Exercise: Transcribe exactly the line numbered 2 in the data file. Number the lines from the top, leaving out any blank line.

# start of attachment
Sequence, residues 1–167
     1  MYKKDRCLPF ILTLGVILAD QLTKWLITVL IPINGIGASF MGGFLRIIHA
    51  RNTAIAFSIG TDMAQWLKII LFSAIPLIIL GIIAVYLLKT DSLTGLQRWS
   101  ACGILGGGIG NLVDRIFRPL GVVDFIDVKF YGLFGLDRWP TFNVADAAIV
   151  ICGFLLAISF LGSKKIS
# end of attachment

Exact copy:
     1  MYKKDRCLPF ILTLGVILAD QLTKWLITVL IPINGIGASF MGGFLRIIHA